But Agency Future what exactly was my pitch?
I left one industry experiencing massive change and joined another.
The disruptive force of the internet was the cause in both.In essence, this: Half documentary, half social media experiment, my ultimate ambition is to produce a snapshot of an industry in flux, while also showcasing the collaborative and transformative power of the tools powering the upheavals.
When I entered the world of advertising about four years ago, I realised immediately that it was undergoing many of the same disruptive changes as the newspaper industry. It had taken a few years to catch up but advertising too was now being forced to fundamentally re-examine its practices in order to stay profitable and relevant. In ways I was only just dimly becoming aware of, the Internet was once again the dread force at work disintermediating, disrupting, destroying.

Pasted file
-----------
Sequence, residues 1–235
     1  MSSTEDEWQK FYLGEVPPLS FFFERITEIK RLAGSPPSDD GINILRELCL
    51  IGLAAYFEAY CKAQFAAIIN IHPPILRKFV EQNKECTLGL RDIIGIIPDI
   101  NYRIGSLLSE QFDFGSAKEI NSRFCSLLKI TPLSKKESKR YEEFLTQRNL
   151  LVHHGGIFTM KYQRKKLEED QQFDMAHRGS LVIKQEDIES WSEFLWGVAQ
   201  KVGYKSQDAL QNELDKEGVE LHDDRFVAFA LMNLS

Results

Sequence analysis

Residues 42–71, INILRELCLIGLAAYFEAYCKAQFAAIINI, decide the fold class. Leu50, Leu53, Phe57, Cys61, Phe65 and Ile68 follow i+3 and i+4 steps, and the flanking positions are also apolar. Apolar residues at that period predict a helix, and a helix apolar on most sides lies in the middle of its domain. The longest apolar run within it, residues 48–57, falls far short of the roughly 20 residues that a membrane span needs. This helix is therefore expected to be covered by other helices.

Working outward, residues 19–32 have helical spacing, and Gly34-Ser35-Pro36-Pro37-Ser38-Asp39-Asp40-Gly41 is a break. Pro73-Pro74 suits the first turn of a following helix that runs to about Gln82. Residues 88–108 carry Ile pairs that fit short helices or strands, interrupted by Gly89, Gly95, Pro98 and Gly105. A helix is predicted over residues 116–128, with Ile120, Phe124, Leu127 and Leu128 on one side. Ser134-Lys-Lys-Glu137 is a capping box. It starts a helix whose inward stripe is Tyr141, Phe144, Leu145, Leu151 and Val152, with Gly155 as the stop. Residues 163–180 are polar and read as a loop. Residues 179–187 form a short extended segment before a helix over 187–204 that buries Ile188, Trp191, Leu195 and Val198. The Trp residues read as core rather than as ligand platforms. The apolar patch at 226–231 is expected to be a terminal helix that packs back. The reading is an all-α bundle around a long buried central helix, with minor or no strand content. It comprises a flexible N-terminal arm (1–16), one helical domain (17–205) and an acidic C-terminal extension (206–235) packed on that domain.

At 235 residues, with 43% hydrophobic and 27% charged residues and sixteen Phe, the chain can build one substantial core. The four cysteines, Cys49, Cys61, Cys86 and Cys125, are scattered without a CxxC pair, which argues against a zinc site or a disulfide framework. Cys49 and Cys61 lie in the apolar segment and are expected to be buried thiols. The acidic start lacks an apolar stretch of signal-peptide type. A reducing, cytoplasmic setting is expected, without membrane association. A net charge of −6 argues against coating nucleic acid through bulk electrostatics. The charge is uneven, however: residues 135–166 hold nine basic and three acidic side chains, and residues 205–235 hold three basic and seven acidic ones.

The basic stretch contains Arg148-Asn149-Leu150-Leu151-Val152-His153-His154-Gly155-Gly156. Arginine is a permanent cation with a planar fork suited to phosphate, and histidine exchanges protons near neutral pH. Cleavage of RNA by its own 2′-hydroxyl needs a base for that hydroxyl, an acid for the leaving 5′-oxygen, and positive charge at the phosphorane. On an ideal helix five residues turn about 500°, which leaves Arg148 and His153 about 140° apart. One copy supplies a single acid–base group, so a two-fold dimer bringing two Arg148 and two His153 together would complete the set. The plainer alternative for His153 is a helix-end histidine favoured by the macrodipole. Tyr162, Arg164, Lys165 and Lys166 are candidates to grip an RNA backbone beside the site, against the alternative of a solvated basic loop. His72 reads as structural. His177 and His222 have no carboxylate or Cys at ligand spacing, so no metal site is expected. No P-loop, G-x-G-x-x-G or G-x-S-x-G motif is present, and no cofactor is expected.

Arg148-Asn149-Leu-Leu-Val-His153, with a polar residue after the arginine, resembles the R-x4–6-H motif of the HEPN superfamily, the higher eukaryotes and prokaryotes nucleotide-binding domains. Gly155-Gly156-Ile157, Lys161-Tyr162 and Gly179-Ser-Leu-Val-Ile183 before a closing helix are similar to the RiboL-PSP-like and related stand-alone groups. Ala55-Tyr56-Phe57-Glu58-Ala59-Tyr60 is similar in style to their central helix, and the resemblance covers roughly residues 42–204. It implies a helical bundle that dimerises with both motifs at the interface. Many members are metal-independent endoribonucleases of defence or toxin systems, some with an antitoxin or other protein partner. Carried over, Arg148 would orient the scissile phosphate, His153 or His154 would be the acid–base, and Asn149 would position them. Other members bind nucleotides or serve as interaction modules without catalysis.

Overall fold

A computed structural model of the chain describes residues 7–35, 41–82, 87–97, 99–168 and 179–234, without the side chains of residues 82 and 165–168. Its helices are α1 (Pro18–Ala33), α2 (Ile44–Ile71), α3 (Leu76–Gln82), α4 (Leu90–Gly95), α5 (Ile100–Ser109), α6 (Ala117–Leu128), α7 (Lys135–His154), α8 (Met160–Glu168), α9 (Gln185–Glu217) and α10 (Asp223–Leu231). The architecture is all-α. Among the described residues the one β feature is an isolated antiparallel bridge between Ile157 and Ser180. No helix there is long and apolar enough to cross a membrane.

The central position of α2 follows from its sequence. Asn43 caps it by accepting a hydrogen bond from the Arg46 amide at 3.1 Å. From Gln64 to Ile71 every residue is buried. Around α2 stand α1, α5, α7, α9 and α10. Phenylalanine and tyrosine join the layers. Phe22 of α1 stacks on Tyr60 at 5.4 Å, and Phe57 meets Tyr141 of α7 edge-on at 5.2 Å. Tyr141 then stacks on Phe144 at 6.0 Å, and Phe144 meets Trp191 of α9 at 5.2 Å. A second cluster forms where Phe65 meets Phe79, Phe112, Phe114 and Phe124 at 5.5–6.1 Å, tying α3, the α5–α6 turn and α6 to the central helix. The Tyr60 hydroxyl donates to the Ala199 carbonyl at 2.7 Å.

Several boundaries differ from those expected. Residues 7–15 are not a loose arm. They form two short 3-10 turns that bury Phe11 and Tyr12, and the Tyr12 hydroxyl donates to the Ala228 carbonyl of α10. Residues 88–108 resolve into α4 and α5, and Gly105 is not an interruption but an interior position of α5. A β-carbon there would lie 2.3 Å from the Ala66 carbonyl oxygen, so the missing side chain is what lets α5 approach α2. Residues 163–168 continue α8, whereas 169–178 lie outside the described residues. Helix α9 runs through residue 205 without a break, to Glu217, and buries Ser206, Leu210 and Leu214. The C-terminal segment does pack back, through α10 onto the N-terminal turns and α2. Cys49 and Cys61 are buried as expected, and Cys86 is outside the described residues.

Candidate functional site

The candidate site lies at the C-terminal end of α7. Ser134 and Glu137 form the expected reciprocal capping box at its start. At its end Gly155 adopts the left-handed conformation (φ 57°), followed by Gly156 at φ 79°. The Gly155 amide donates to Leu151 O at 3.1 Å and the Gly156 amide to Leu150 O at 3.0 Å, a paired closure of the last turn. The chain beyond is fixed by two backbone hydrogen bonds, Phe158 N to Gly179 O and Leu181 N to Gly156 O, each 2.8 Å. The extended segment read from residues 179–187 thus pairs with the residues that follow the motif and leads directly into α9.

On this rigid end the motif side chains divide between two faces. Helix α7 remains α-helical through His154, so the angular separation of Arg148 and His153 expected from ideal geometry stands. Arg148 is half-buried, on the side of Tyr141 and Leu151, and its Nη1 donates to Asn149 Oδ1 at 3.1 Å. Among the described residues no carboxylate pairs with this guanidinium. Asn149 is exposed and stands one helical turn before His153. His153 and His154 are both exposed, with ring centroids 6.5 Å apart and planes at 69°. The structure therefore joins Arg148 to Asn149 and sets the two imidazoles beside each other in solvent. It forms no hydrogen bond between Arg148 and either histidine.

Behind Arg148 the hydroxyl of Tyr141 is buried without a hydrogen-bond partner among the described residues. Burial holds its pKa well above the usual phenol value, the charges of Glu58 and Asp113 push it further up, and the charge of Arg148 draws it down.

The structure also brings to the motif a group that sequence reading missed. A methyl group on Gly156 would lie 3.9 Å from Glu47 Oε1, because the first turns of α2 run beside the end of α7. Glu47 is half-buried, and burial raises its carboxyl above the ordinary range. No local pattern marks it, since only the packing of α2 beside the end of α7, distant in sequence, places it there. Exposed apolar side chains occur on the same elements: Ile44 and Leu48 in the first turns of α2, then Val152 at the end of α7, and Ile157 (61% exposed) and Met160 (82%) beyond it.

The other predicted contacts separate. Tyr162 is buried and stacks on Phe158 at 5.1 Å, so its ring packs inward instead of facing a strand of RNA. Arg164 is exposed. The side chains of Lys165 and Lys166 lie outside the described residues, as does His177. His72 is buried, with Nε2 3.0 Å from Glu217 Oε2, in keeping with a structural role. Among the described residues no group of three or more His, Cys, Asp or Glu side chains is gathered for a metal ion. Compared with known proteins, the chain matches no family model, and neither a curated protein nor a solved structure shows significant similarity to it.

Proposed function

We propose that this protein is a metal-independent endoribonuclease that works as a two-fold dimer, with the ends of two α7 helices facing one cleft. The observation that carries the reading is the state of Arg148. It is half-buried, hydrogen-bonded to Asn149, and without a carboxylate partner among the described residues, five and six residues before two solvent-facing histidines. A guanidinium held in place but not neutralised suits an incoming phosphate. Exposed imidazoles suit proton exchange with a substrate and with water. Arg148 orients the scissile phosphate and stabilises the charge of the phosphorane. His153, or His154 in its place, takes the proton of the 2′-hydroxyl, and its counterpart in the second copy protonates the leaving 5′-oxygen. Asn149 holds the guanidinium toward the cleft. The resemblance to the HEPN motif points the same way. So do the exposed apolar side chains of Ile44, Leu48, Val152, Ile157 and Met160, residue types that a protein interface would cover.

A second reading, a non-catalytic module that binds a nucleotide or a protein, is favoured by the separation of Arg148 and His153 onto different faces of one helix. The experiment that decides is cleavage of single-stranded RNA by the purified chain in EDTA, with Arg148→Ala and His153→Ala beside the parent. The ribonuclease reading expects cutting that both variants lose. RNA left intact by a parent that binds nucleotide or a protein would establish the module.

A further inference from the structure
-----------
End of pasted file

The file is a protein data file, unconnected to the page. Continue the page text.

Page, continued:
My arrival in advertising also coincided roughly with the credit crisis which in turn precipitated a huge downturn in ad spend. The fortunes of the big four networks WPP, Omnicom, Publicis and Interpublic appeared to be on the wane. In September 2009, Sir Martin Sorrell, the chairman of WPP, announced that his organisation couldnt fire people fast enough to keep up with the downturn in ads.
Digital agencies had never been sexier and seemed to promise a smarter way to connect to consumers while eschewing the production-heavy models of the big agencies. Leaner, more agile agencies began to emerge, with a proposition of making their clients money work harder.
The Agency Future project would symbolise this disruption.The project would represent the changes besetting the industry it would symbolise the disruptive forces that have denuded advertising agencies and media buyers of so much of their strategic advantage. Specifically it would use social media to raise awareness, and it would adopt the principles of crowdsourcing in order to tap peoples wisdom about who they thought I should speak to.